Alzheimer’s is a very cruel disease!  It robs not only the person afflicted with it of anything resembling a normal life, but, over time,  it also severely impacts the caregiver.

I’ve been away from home the last week and a half, trying to help my sister meet my stepfather’s needs.  He is 90 years old, and in the later stages of Alzheimer’s Disease.

She has been caring for him, and for our disabled mom, for quite awhile now, and it has seriously impacted her own physical and emotional well-being.  After a serious illness, our mom is in a convalescent hospital.  This adds new issues to deal with, but my sister’s “hands-on” caregiving is a bit lighter in that regard.  Unfortunately, our stepfather has entered a new phase of his disease, and has periods of great agitation, which are very difficult to deal with for a family member who is already worn out.

I’m writing this blog post in the hopes that it will reach those who need support for themselves, or information on how to better meet the needs of their loved ones.  We are learning as we go along, but if we had known more resources and had additional information, etc. earlier, we could have saved ourselves some of the struggle we’ve had.

Our stepfather has gotten to the stage that he needs to go into a facility, where they have the staff and the training to know how best to deal with his outbursts of anger and frustration.  My sister has done an amazing job of caring for him, but his needs are now beyond her ability.  I came up here with the idea of getting him into a facility as soon as possible, but we’ve found out that is going to be extremely difficult without his co-operation.

If you, or anyone you know, is in a similar situation, or may be at some future time, please do yourself a great favor, and get all the information you can ahead of time.  Try not to wait until it’s a crisis situation!

Here are links to some of the websites that might be helpful:  1) There are elder care attorneys, who specialize in handling the legalities of dealing with dementia issues.  2)  Alzheimer’s Association is a wonderful resource for information and support groups for those with Alzheimer’s or for their caregivers.  3)  Department of Health and Human Services provides a website called Eldercare Locator, which connects you to services in your area.  4)  Adult Protective Services may be able to help if there are issues of self-neglect.  5)  If you live in California, there is a very helpful resource called California Caregiver Resource Center, located in many areas of the state.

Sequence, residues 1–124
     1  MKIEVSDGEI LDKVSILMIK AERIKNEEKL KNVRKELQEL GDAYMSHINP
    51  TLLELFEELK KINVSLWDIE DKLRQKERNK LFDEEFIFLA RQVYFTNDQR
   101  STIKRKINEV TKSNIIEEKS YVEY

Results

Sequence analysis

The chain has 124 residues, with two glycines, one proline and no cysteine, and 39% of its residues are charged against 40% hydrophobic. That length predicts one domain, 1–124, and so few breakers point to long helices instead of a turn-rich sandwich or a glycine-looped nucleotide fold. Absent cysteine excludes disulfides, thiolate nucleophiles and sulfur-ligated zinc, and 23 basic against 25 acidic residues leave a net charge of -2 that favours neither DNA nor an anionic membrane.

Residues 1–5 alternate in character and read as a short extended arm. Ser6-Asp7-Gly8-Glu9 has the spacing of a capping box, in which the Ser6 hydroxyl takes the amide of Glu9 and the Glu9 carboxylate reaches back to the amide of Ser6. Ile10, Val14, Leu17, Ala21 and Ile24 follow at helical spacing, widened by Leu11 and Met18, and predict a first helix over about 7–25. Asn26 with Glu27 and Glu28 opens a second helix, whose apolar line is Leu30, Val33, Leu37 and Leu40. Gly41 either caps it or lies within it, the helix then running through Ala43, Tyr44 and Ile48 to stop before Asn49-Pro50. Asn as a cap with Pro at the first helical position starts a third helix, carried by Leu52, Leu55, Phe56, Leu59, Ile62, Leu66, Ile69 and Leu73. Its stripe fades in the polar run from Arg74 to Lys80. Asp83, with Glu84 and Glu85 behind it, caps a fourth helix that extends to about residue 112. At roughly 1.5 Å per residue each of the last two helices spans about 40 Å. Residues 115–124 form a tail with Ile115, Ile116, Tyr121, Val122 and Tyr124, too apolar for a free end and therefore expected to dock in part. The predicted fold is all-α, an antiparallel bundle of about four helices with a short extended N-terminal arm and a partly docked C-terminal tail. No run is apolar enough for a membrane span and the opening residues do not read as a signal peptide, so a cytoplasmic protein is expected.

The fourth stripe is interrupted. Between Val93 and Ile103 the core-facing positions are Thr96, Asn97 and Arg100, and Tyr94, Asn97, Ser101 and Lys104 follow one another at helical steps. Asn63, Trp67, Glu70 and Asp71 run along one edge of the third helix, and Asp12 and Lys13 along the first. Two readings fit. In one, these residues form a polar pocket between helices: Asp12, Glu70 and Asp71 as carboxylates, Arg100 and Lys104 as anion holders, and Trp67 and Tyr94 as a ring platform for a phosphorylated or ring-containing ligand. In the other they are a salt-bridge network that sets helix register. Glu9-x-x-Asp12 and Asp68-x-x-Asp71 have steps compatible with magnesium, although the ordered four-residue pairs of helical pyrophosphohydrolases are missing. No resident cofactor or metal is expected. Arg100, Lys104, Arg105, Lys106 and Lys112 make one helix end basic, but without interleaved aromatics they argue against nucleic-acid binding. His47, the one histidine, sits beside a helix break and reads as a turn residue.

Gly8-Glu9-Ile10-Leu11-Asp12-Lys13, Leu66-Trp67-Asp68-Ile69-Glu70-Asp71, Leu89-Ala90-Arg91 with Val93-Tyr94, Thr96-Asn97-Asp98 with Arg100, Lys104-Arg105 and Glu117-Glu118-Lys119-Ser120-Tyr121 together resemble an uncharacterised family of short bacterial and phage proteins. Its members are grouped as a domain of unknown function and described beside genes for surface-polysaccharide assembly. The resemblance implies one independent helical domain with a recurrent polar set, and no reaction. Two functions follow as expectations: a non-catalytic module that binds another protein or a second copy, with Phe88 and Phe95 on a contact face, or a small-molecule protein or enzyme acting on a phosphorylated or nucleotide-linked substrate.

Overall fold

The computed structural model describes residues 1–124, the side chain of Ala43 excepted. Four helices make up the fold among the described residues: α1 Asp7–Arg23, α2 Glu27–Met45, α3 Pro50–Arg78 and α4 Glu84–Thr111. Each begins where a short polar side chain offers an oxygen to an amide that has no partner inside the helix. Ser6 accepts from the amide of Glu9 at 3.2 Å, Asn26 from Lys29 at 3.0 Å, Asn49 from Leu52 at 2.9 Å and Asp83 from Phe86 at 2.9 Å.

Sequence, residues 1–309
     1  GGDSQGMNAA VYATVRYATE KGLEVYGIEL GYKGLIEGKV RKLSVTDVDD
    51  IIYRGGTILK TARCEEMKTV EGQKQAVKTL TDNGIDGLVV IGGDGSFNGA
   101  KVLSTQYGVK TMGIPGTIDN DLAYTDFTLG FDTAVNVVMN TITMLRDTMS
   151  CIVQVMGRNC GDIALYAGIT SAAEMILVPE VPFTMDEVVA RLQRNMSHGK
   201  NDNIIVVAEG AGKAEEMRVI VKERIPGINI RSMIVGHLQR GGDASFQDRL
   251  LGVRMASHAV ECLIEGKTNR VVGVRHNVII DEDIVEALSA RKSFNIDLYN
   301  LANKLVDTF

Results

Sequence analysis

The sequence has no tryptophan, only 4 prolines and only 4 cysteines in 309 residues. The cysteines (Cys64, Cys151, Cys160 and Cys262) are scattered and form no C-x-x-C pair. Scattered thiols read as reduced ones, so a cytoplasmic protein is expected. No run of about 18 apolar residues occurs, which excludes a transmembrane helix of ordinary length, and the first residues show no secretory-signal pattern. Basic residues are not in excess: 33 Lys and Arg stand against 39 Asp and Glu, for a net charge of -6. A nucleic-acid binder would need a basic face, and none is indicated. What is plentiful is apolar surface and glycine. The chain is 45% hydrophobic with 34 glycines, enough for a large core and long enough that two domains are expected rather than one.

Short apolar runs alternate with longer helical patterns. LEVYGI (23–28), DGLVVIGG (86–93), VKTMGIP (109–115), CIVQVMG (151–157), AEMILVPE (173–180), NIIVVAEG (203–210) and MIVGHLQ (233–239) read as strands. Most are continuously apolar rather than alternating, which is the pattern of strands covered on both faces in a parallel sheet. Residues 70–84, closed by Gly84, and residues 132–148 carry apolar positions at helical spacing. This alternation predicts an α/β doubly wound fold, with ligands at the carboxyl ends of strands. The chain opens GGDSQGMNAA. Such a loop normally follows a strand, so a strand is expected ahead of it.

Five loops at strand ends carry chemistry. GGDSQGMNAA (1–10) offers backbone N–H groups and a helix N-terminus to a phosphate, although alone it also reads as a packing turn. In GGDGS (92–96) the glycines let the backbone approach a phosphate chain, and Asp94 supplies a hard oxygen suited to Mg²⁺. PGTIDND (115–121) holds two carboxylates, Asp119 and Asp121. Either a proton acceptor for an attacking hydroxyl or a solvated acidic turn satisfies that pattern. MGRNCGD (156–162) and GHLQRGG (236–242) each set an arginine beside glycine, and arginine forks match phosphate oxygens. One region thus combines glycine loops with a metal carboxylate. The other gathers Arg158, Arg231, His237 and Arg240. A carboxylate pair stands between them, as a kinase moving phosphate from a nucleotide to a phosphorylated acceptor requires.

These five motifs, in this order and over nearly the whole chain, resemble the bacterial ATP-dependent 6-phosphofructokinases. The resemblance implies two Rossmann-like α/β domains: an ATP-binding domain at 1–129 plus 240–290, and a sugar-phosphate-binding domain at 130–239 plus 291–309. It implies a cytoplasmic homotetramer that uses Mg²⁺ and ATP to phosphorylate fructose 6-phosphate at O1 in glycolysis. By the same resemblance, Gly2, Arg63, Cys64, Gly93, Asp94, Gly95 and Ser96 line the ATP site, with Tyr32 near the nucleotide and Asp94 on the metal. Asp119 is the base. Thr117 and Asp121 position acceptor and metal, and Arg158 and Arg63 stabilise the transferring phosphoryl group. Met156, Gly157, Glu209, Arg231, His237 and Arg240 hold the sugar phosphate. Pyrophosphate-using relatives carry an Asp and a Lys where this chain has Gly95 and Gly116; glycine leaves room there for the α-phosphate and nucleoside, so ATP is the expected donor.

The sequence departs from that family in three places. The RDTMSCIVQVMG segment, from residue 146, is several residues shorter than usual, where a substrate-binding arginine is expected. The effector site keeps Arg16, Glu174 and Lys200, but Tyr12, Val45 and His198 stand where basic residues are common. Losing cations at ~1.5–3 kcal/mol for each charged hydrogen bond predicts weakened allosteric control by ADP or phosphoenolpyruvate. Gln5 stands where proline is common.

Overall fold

This is not an all-inclusive list, but it will help you get started.  Talk with the people you know about the reality of the situation that you’re dealing with.  It’s surprising how many people have reached out to help us when they realized the difficulties we were having.  People generally want to help when they can.  Someone that you talk with might have some good information or be able to connect you with someone else who does.

Remember self-care!  I can not emphasize this enough!!  If you do not take care of yourself, and recognize your limits, you will physically and emotionally burn out.  Then who will be there for your loved one?

There are excellent support groups around most areas.  They can help you not feel so alone, and give you some tips on how to handle common areas of difficulty.  If you can possibly afford to hire some additional help, even for a few hours a week, it can give you an opportunity to get away and relax for awhile — and breathe easier.  Let friends and other family members help when they offer.  Give them concrete ideas for ways to help.  If offers are not forthcoming, you may need to stretch your comfort zone and ask for help from those closest to you.

Please forward this post to anyone you know that might find it helpful.  If we all reach out to each other with caring support, life will be much easier for all of us.  If you have any additional suggestions for resources, or if you have struggled with a similar situation and have learned helpful suggestions, please let me know.  You can leave a comment on this post, or you can email me at  Thank you so much.

Until next time,



  • Linda, thank you for sharing and helping all of us with dealing emotionally and physically with this difficult situation with those we love. Even if we do not have parents in this situation is good to hear how to understand more about others around us dealing with this, all to common, health situation in life. My heart goes out to you and appreciate you thinking of all of us too during this hard time with family members. Hopefully we will all have this gentle strength and grace when also dealing with these family crises.

  • Thank you, Teri. You are so kind. Even if people don’t have a similar situation, they may know someone who does. It is very common, and I’m afraid it’s going to become even more common as we all age. Any time we are part of a family, too, we run the risk of having some type of family crisis. The more proactive we can be, the better.

    I believe we are all inter-connected, so the more we reach out to each other, the better it is for all of us.


Leave a Reply

Your email address will not be published. Required fields are marked *